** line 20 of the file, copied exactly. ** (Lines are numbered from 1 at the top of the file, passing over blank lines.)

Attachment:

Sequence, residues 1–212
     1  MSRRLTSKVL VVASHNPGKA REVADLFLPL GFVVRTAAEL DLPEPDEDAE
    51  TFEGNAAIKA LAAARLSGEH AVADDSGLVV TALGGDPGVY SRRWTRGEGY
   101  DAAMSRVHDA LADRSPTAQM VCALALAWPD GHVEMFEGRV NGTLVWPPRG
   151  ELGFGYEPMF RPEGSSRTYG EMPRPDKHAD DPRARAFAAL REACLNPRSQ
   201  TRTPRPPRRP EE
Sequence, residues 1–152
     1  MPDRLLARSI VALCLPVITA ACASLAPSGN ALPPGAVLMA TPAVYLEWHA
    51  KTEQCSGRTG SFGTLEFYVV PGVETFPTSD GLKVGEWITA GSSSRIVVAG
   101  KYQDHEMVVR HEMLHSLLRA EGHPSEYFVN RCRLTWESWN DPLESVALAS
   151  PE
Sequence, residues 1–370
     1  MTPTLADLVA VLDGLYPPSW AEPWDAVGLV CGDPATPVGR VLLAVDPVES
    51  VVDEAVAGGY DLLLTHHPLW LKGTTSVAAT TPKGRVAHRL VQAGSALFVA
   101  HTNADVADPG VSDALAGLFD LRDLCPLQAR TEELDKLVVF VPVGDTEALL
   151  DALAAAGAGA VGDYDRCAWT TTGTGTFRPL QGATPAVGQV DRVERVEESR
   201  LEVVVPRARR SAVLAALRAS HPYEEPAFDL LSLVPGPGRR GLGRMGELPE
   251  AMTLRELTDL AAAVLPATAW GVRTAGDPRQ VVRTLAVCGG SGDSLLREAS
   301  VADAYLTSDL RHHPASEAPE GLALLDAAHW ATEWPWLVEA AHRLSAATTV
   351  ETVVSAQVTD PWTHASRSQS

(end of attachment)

   351  ETVVSAQVTD PWTHASRSQS